How is a notario different from an attorney?
When deciding if you would rather go to an experienced immigration attorney or a notario publico, think about if you would rather go to a doctor for your surgery or an unlicensed, untrained neighbor who dabbles in surgery? Every week at Antonini & Cohen, we meet with people who have used notario services to file immigration paperwork. The majority of these consultations are filled with regret that a person did not seek competent counsel sooner.
What is the difference between notarios in the US vs. US immigration attorneys?Notarios in the USUS Immigration AttorneysNo trainingSeveral years of training required in order to be licensedNo license to practice law in good standingLicensed to practice law & a member of a State BarLegally prohibited from dispensing legal adviceAuthorized to give legal adviceNot responsible for errors in your case according to the terms of your contractRequired to take responsibility for caseRampant fraud and little recourseMay be disciplined by the State Bar & the Courts in the event of malpracticeNo malpractice insuranceMust carry malpractice insurance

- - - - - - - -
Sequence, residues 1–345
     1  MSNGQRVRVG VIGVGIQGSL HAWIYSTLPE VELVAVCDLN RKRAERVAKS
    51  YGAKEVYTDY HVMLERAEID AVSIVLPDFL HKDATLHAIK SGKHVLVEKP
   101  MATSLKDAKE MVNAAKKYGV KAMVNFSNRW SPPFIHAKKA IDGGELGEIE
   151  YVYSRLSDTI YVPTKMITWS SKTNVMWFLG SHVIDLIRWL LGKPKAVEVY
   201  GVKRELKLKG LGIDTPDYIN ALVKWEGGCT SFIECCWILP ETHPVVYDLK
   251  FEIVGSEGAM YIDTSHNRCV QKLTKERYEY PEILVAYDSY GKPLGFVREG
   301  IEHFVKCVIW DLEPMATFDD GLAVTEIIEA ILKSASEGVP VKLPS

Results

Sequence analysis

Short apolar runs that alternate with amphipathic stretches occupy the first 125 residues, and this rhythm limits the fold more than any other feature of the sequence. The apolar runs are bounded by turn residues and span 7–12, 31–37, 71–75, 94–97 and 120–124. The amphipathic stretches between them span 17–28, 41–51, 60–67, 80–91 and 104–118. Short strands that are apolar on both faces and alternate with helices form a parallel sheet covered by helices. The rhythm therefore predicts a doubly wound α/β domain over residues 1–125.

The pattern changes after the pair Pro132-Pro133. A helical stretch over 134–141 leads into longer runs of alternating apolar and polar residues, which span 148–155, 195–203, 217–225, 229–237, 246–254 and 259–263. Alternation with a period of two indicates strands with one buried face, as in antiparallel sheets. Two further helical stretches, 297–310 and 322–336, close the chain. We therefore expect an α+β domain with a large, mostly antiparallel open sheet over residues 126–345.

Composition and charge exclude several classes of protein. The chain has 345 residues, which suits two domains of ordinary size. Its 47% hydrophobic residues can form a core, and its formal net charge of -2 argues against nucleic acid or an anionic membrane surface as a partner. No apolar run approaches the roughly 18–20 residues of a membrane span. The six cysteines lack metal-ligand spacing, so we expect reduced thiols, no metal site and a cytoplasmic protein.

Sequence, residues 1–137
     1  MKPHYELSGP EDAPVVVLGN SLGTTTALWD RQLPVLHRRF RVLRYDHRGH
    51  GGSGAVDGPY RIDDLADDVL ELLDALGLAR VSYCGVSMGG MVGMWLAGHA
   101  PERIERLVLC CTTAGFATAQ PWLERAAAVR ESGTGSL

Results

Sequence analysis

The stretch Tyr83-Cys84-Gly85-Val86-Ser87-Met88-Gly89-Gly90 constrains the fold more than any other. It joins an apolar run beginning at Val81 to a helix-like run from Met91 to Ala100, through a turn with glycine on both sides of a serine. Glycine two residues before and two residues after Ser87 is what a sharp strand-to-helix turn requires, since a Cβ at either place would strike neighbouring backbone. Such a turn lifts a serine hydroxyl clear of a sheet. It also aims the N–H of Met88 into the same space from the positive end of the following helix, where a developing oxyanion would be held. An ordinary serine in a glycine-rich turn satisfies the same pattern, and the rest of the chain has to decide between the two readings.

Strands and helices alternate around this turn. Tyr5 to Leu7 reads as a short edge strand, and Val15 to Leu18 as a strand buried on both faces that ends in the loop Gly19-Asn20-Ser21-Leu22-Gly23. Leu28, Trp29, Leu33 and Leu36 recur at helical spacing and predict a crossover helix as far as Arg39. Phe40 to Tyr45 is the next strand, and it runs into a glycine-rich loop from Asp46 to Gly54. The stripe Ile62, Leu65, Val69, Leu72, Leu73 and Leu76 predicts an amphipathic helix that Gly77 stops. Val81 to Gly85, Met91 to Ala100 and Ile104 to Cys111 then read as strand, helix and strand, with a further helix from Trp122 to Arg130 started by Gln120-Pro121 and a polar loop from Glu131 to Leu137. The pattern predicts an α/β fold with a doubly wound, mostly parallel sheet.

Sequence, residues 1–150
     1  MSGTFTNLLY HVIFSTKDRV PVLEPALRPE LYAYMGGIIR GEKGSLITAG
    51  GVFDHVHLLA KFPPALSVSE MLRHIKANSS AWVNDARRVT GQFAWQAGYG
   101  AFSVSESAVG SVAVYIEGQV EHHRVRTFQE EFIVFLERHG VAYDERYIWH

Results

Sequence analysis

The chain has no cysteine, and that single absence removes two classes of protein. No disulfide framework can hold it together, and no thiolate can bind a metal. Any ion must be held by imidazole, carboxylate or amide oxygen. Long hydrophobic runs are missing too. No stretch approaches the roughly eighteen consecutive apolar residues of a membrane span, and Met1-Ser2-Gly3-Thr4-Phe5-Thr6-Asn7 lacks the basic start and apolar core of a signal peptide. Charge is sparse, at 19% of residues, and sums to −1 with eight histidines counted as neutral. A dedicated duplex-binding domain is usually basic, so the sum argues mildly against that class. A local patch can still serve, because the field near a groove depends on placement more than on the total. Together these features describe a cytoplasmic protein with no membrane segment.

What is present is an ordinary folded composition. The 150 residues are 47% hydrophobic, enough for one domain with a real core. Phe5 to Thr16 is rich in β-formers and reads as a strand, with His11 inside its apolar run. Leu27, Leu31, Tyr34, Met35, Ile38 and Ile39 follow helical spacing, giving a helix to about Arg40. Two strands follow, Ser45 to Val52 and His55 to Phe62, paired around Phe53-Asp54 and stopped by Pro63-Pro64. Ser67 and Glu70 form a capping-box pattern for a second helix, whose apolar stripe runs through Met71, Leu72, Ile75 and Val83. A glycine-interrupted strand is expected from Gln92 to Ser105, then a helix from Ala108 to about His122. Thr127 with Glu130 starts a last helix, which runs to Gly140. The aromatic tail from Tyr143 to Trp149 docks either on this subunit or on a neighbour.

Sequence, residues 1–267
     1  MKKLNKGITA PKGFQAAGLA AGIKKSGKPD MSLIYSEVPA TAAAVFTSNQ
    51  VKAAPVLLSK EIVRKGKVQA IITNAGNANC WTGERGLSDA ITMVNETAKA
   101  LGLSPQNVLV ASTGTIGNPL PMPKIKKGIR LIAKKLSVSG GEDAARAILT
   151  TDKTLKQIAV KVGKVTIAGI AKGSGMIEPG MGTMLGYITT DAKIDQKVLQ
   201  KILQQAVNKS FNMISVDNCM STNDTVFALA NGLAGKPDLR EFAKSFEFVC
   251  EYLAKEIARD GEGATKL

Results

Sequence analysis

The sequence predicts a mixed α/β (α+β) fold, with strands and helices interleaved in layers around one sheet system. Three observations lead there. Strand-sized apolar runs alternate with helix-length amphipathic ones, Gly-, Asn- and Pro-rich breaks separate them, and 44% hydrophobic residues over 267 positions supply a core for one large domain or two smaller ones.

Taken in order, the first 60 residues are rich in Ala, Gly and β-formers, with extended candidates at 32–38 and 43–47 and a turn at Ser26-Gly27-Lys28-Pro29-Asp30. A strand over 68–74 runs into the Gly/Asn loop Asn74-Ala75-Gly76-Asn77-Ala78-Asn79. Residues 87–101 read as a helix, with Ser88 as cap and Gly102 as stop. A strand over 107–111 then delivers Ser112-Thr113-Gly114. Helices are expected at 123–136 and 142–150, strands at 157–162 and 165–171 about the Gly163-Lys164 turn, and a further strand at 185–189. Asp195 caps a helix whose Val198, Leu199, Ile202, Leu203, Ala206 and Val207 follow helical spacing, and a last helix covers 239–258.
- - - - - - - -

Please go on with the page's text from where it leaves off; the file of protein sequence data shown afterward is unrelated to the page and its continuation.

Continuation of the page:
Why the confusion?
In many countries, a notario publico is a trained professional who is licensed to prepare government paperwork and provide advice. However, in the US, people may use the term ‘notario publico,’ but there is no comparable job here.
Instead, a notario publico may at best have a state-issued notary license, which costs $37.00 here in Dekalb County, Georgia and permits the notary to act as a witness to the signatures of documents and to administer oaths.
For more information on the duties of notaries in the US, visit this informational site: http://cdn.nationalnotary.org/what_is_notary/whatNotary.pdf